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Styles contrast as Braves face run-heavy foe

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The familiarity between Indian Creek and Greensburg, schools about 40 miles apart, predates last October’s second-round sectional football game between the Braves and Pirates.

It’s become August tradition for the teams to scrimmage one another prior to the beginning of the regular season, with Greensburg emphasizing its power running attack and Indian Creek having yet to meet a pass it didn’t like under the direction of 12th-year coach Mike Gillin.

“We know them pretty well. They’re kind of old-fashioned with their running game, and they’re good at it,” said Gillin, whose squad, which won last year’s final 20-13 on its home field, travels to Greensburg for tonight’s championship game. “I know they’re always going to be a solid team, and I assume they think the same of us. It’s going to be a real interesting match-up.”

Greensburg is old-school in a sense in that it operates a wishbone offense behind a talented offensive line that carves holes for seniors Ryan Martin and Elliott Green and junior quarterback Andy Meadows. Senior halfback Derek Chambers and tight ends Justin Dance and Kyle Moeller are others who help the Pirates move the chains.

The contrasts don’t end with the respective offensive philosophies.

Indian Creek, for instance, is bidding to collect its third consecutive class 3A sectional title, while Greensburg’s lone regional appearance came in 1989. Moreover, tonight is only the third time the Pirates have played in a sectional final since 1995.

Greensburg’s strength has been its defense, which has racked up five shutouts. The most points allowed came in Week 4 in a 21-20 loss at Class 2A power Lawrenceburg (10-1); during the other 10 games coach Scott Moore’s defense gave up a total of 68 points.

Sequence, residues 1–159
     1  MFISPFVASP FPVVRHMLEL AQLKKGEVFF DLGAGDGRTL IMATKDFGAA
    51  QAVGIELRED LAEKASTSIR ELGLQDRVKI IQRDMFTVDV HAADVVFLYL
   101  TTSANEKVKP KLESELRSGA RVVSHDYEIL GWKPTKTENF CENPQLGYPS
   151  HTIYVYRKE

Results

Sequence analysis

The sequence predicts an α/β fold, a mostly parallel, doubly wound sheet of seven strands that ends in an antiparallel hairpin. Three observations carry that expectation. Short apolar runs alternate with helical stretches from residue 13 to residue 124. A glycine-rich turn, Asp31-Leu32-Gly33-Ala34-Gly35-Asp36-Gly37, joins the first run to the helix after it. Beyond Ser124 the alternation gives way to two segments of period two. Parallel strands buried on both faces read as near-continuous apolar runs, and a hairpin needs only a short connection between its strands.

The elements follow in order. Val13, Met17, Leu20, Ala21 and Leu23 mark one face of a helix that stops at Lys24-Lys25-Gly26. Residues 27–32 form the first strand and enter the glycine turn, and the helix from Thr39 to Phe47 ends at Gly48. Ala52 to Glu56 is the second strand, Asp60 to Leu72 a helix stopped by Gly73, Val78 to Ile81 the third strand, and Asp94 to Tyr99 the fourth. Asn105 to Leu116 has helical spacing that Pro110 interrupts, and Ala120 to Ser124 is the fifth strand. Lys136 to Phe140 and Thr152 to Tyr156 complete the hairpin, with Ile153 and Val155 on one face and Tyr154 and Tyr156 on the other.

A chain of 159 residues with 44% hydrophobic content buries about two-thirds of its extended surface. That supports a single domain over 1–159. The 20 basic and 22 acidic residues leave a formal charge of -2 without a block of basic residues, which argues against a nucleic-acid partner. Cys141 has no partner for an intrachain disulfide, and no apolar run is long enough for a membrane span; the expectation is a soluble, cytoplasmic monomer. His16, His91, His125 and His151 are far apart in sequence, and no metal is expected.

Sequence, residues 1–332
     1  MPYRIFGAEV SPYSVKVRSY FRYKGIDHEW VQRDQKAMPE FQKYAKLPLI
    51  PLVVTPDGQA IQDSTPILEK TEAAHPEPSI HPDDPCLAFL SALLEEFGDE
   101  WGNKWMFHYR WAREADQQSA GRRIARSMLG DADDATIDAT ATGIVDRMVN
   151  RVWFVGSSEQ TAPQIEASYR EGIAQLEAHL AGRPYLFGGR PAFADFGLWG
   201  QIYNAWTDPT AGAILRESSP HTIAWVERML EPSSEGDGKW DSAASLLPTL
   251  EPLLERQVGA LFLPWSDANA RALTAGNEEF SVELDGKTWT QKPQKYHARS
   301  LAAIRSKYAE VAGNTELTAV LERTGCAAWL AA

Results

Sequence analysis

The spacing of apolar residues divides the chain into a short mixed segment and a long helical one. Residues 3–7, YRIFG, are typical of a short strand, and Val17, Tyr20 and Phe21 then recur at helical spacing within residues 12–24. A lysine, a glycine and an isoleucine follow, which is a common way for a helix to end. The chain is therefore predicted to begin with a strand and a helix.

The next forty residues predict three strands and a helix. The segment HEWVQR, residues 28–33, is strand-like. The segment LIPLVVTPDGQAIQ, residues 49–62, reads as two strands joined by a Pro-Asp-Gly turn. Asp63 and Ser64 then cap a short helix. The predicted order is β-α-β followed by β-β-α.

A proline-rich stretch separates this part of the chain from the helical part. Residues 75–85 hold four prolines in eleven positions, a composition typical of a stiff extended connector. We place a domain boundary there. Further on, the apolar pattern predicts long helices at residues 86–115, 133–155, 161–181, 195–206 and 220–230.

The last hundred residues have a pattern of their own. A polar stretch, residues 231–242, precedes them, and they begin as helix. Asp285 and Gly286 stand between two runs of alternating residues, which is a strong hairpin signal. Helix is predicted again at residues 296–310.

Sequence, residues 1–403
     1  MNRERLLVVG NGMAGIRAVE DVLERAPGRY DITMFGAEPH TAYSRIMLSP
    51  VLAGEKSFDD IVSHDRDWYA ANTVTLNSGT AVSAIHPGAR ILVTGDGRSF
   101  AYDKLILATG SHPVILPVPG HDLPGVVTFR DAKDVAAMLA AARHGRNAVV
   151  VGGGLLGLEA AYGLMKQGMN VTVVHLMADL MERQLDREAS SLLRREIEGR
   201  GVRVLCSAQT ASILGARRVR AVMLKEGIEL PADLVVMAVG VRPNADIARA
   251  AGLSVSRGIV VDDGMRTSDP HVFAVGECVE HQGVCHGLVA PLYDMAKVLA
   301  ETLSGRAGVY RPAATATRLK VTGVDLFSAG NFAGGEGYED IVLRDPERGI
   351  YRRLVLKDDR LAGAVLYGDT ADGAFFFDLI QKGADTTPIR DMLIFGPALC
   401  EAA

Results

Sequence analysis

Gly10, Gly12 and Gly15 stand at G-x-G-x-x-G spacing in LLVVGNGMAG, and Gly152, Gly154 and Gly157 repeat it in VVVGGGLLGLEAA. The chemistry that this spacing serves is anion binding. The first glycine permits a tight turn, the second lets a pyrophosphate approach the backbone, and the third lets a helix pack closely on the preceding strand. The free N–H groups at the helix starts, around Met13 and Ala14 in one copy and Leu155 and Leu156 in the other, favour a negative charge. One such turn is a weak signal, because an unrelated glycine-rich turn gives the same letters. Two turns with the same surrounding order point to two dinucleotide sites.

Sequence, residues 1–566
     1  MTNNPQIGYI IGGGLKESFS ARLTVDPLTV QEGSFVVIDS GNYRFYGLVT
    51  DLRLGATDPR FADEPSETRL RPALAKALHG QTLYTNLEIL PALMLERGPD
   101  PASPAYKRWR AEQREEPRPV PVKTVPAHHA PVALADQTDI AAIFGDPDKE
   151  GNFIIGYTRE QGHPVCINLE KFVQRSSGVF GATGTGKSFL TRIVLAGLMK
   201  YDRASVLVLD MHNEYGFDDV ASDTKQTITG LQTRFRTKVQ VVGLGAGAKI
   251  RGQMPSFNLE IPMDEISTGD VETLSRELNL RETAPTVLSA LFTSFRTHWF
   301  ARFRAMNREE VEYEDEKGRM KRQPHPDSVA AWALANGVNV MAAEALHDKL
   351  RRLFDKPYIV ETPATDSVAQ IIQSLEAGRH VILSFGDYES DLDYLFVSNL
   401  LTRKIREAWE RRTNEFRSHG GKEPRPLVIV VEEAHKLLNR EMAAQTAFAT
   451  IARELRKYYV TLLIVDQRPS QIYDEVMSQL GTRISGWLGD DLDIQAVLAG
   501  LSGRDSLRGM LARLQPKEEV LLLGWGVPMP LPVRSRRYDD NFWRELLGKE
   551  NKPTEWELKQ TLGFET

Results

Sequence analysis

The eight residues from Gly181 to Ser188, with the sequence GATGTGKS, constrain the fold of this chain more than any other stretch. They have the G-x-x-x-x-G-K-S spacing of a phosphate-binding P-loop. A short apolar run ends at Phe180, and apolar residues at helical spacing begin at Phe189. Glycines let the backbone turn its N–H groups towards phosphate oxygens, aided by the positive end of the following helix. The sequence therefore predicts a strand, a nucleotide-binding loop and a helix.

Ironically, the last opponent held scoreless by Greensburg prior to this season also came during Week 4, which happened in 2007. This illustrates how much better this year’s Greensburg team is compared to the 6-5 outfit that took the field at Indian Creek in 2011.

“They’ve got something like 20 seniors on this team, so it’s very experienced,” Gillin said.

The Braves counter offensively with its pass-happy attack led by senior quarterback Matthew Wray, who has completed 187 of 297 passes for 2,358 yards and 28 touchdowns compared to only eight interceptions. Top targets include Brenden Smith (69 receptions, 1,014 yards), Cory Utecht (42 for 516) Ethan Whitaker (16 for 240) and Morgan Morrison (10 for 86).

Running back Dokkan Egenolf also has 10 receptions but does more damage with his legs than his hands. The sophomore has 229 carries for 1,195 yards and 14 touchdowns.

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